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William Jones '15

Will Jones grew up in Sturbridge, Massachusetts, about an hour east of UMass. He originally attended the Mass College of Liberal Arts, but transferred to UMass after his freshman year due to the extensive array of courses and opportunities offered. Will graduated in 2015 with a major in Spanish and a certificate in Latin America, Caribbean, and Latino Studies. He first got involved working with the YMCA as a camp counselor in Woodstock, Connecticut during his time in college, and has continued to take on increasing responsibility. He spent three and a half years in Madrid as the International Programs Coordinator at the YMCA of Spain. Will recently returned to YMCA Camp Woodstock as the Summer Camp Director. 

“I chose the Spanish major because I had some experience working with kids and doing some leadership programs throughout high school and college already, so I was thinking about maybe working with kids as a Spanish teacher. And it just seemed like it could be something that could open more doors and open doors to international travel.”

A number of different factors influenced Will’s decision to declare the Spanish major at UMass. He remembers lessons and stories from his Spanish teachers at Tantasqua Regional High School. In particular, Helena Páez, Sharon Reese, and Pat Ballard were key figures who reinforced Will’s interest in international travel and the study of different cultures. During Will’s first year in college at the Massachusetts College of Liberal Arts his future plans were unclear. He transferred to UMass due to its large network of opportunity, which is when he de-clared the Spanish major. He had experience working with kids, and saw Spanish as a gateway to expand his interest in the field of youth development. Along with his Spanish major, Will took several education classes, studied abroad in Uruguay, and received a certificate in Latin American, Caribbean, and Latino Studies. He recalls the flexibility of the Spanish program, which allowed him to explore future options and created a myriad of new opportunities.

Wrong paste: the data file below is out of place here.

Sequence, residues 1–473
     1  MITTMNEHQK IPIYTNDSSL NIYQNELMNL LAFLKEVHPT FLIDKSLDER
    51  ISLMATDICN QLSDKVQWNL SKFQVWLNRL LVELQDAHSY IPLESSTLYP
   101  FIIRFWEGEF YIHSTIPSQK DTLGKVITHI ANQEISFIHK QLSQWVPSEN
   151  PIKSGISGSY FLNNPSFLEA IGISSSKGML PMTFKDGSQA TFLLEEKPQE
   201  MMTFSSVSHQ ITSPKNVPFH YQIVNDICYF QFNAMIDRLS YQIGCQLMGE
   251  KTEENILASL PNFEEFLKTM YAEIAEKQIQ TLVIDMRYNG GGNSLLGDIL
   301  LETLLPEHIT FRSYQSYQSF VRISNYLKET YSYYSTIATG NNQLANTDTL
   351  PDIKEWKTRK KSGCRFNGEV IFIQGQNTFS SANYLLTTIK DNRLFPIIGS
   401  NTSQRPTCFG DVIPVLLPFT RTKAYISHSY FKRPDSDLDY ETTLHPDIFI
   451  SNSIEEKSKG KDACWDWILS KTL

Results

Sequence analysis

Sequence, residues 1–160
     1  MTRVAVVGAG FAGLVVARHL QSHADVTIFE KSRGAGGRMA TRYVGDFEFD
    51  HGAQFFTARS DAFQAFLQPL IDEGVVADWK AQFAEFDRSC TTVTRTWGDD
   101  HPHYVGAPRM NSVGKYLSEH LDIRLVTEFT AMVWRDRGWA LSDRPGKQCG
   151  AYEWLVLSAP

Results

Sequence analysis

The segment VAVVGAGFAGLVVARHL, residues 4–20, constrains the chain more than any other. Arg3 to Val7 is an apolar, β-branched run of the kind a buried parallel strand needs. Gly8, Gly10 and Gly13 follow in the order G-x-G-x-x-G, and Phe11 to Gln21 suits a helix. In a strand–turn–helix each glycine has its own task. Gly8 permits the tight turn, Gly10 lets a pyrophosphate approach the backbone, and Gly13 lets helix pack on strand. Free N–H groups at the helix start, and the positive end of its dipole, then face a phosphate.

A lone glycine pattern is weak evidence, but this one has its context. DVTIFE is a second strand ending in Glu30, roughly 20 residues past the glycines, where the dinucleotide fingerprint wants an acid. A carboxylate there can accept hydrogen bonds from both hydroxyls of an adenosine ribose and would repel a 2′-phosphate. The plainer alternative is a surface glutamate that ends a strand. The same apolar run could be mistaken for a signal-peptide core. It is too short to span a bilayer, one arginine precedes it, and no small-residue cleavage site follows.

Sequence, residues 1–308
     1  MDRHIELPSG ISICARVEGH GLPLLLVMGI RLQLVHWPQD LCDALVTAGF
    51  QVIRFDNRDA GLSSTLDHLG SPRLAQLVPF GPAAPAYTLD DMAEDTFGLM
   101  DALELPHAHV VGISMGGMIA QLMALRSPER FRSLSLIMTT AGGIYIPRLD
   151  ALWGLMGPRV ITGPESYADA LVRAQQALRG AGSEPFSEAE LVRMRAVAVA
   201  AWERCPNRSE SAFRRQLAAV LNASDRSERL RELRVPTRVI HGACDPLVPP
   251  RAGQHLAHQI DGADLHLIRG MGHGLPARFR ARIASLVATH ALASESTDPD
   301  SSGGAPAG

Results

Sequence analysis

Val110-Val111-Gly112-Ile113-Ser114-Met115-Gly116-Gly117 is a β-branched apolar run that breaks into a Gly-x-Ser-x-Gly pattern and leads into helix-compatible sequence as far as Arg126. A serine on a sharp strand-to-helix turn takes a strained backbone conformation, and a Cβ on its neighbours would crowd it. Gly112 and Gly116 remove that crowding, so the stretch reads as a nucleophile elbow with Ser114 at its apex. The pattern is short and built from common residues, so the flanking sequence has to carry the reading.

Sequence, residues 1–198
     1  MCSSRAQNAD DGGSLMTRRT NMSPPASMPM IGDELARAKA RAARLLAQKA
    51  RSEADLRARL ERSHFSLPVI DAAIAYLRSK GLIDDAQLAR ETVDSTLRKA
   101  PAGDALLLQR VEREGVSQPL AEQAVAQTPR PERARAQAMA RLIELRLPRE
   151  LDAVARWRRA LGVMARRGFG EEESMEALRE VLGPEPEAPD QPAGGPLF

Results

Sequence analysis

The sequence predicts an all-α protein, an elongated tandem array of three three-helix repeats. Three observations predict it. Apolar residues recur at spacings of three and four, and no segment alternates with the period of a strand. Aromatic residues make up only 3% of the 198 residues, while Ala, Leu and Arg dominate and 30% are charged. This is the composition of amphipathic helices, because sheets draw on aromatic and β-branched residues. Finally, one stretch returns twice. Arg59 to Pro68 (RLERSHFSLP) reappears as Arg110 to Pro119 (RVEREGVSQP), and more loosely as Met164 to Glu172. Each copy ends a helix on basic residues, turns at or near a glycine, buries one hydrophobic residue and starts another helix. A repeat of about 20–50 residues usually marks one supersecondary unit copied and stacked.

During the summer between his junior and senior year of college, Will worked as a summer camp counselor at a YMCA camp in Woodstock, in a leadership program. Because he was commuting to UMass, Will was able to accept a position working there during the school year after summer camp ended. In addition to taking classes, he assisted with daily tasks at the YMCA as the Youth Leadership Director. Upon graduation in 2015, Will continued in his role as director of leadership, managing the program in which he had previously worked as a coun-selor. The summer camp was extremely successful, and Will was able to use his Spanish to form connections and facilitate communication.  

In the fall of 2015, Will started getting involved with the Greater Hartford YMCA, which is the association to which YMCA Camp Woodstock belongs. He became one of the co-chairs of the YMCA Greater Hartford International Relations Committee, which connected him to YMCA representatives from locations throughout the United States, as well as international board members. Through the committee, Will was introduced to a new initiative. 

“Through this International Relations Committee I heard about an opportunity for the Emerging Global Leaders Institute called DIG (Diversity, Inclusion, and Global Innovation). It included all different dimensions of diversity and what we can all do to engage different communities and show that everybody will feel welcome and thrive in the YMCA.”

The program centers around embracing diversity and promoting a welcoming environment at the YMCA. Will attended an orientation for the DIG program in Chicago, which is where he met Renata Ferrari, the Executive Director of Global Development at the YMCA of the USA. A few months later, Renata reached out to Will regarding an available position at the YMCA of Spain.